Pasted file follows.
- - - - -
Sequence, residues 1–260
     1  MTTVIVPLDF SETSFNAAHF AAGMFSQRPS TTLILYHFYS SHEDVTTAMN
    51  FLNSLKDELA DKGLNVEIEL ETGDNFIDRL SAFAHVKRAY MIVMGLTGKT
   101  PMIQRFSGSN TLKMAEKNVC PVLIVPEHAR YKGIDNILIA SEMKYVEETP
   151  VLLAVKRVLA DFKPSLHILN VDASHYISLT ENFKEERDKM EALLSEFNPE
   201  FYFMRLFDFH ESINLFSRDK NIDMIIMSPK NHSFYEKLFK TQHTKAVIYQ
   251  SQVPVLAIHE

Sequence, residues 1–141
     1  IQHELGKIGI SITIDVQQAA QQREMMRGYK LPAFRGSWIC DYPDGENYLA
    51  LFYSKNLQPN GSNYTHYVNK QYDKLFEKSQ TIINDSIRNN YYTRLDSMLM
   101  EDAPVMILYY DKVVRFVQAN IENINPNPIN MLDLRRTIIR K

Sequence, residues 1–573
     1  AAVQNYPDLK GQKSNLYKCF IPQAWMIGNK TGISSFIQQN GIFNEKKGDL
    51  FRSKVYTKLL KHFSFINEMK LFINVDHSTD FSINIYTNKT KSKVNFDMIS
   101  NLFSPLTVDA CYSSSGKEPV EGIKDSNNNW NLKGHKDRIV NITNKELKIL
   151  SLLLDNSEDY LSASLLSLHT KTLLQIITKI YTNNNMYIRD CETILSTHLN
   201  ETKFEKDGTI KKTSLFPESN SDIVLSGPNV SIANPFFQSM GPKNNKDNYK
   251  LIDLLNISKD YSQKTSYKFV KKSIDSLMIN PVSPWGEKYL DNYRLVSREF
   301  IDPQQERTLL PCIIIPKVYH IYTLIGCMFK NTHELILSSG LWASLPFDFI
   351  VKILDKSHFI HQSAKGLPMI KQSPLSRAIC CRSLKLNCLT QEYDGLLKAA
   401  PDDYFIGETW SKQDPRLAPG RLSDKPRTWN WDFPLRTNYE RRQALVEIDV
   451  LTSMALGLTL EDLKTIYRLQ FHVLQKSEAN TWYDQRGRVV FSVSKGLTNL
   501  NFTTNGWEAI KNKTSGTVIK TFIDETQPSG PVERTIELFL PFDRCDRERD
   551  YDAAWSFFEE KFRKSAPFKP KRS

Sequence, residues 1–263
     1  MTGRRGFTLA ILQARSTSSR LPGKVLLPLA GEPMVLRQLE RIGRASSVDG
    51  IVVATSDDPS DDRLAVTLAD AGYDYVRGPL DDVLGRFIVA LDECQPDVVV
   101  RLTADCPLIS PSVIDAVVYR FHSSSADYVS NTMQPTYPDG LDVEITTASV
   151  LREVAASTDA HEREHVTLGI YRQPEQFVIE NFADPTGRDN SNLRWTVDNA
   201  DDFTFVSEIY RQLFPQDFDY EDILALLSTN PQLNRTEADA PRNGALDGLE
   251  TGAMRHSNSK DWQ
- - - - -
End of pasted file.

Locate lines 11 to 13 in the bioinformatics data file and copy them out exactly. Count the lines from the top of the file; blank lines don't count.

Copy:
   101  EDAPVMILYY DKVVRFVQAN IENINPNPIN MLDLRRTIIR K

Sequence, residues 1–573
     1  AAVQNYPDLK GQKSNLYKCF IPQAWMIGNK TGISSFIQQN GIFNEKKGDL